I met Bronwen Dickey at The Regulator Bookshop in Durham, N.C., where she read from her first book, Pit Bull: The Battle over an American Icon. Dickey, a journalist and a contributing editor of Oxford American, spent seven years researching and writing her cultural history of the pit bull, a dog that occupies fraught territory in the American psyche.
A lot of fans were at the reading, and at least one non-fan, a guy who asked Dickey how many dog bite victims she had interviewed. “One,” she said, because only one would agree to talk to her. The guy then wanted to know how many she had asked for interviews. When she replied, “Ten or 15,” the guy scoffed. Dickey tried to move on, but the guy was a dog with a bone: he wouldn’t let go of the fact that she hadn’t spoken to more bite victims.
Finally, other audience members began shouting him down. One called his questions “stupid.” The guy shut up then, and we heard nothing more from him until after the event, when I sat down to interview Dickey. A Durham police officer had been called in to escort her from the store: the guy was waiting for her outside, “ranting and raving and waving fliers,” as the Raleigh News & Observer later reported.
The Millions: Was this the first heckling you’ve had in a reading?
Bronwen Dickey: Yeah. This is the ninth reading I’ve done and everyone has been amazing; they’ve been supportive and asked really good questions. There have definitely been people who are not sure how they felt about the dogs, which is completely fine, but that was the first time this has happened. [It would not be the last. A week after her Regulator reading, an anonymous Facebook group called Pit Bulls and Amputees posted a picture of her house with the caption “What famous author’s home do you think this might be? That’s right! It’s Bronwen Dickey’s residence.”]
TM: Were you just winging it up there or did you anticipate some kind of heckling at some point when you started doing readings?
BD: I anticipated some. There have been a lot of threats online, and a lot of the stores have been called and harassed. Their Facebook pages have been bombed with comments, so I expected that it would happen at some point. When it actually does happen, it throws you for a loop.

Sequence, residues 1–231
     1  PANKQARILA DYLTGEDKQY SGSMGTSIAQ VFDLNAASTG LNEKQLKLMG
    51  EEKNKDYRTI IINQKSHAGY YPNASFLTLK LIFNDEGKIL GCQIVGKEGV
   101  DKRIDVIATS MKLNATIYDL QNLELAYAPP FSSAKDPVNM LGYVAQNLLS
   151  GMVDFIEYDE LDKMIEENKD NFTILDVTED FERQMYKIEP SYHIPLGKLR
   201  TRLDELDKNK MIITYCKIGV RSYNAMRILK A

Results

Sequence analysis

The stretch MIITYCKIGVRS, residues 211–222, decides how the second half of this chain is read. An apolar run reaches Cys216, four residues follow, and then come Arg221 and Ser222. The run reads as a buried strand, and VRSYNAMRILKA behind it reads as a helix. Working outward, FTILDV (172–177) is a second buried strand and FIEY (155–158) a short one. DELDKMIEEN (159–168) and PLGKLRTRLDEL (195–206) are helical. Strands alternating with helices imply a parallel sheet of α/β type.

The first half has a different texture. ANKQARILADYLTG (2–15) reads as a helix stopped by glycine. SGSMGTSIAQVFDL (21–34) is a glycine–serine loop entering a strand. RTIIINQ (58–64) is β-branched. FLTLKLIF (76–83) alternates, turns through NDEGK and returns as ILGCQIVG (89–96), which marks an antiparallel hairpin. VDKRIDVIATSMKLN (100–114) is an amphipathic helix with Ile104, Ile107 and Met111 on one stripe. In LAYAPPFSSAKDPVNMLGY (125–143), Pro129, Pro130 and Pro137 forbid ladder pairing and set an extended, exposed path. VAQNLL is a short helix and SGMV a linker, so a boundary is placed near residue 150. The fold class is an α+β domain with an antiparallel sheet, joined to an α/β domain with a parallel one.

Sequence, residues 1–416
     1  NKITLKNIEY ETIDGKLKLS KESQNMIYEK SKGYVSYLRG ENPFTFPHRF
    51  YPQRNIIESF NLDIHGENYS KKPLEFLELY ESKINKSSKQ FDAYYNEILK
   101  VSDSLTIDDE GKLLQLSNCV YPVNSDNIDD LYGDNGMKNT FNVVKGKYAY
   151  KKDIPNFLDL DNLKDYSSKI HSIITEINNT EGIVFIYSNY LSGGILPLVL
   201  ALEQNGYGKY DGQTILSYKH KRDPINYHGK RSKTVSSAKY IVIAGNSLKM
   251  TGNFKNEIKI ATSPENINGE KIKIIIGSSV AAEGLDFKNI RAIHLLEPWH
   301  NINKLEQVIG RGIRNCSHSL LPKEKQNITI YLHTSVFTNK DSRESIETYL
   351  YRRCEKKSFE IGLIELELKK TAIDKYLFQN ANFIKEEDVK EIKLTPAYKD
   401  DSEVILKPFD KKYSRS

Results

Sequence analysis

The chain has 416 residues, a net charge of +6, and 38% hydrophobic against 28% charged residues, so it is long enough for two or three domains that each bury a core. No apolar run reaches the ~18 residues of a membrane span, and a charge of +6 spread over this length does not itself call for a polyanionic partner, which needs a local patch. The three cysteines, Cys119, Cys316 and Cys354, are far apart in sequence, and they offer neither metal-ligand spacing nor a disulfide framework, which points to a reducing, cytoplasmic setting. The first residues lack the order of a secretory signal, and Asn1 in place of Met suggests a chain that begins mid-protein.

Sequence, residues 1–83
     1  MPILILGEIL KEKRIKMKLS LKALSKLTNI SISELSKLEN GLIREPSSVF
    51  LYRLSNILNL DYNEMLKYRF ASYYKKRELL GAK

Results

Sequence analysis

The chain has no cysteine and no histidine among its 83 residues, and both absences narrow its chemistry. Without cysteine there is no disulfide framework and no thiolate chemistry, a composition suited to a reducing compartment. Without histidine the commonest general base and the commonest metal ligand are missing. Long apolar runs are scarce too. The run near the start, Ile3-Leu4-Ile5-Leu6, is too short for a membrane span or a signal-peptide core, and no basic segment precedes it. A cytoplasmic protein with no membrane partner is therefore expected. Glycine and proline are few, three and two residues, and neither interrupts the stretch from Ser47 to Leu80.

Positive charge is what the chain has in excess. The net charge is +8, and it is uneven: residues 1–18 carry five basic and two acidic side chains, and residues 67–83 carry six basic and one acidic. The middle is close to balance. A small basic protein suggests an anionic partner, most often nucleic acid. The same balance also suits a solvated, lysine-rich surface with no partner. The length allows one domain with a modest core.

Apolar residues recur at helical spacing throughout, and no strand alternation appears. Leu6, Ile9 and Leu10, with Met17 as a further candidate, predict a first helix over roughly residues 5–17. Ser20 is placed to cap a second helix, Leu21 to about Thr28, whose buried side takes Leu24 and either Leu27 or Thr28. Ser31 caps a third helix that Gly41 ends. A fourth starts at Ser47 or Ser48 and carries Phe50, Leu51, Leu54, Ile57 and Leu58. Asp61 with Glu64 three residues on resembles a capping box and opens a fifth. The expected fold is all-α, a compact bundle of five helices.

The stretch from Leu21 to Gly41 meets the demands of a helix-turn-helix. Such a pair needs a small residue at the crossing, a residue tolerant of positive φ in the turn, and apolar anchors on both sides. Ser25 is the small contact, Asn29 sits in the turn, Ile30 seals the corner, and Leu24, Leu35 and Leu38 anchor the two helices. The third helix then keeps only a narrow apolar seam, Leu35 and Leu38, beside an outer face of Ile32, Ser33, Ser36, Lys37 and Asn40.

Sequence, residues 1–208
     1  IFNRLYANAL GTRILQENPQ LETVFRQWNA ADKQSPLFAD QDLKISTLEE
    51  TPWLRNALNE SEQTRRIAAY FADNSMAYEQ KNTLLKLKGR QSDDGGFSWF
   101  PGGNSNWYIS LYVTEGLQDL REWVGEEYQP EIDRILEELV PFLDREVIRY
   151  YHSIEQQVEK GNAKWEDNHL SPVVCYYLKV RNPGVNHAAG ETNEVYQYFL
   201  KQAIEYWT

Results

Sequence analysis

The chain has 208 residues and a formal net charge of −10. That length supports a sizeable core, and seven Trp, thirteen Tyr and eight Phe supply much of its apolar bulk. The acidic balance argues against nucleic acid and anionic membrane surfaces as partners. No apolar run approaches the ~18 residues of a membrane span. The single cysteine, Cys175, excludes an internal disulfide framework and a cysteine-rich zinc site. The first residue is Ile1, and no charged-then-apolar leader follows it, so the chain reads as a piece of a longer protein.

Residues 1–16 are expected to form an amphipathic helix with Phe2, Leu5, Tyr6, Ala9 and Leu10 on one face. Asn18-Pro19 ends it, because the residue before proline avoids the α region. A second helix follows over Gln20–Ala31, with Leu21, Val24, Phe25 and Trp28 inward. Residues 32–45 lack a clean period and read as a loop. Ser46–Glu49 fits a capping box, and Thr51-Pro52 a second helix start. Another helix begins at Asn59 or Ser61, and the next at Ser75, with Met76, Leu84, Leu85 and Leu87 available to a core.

TM: One of your overall themes is that the pit bull is a uniquely American dog. Why this is the case?
BD: For one, the American Pit Bull Terrier did start here. Even though the stock was English and Irish, the official breed started here. But mainly because Americans across the board, whether they love or hate them, know about them; most people will have an opinion of them. And because you can trace so much of American history through the pit bull. They were here for the Battle of Gettysburg, the Battle of Normandy, with Helen Keller, with Teddy Roosevelt, all of these incredible moments. There is just this wild story all through it. I think they say a lot about us as a culture.
TM: When did you realize that the story of the pit bull could be a book?
BD: Probably 2012. That was when I was coming across so much of the science, so much of the history, and so many interesting characters that really one magazine piece couldn’t encapsulate it all. I wanted to have the scientific thread, the historical thread, and then the social thread. When I put it all together, there was just so much there.
TM: What other books or writers have you used as a model?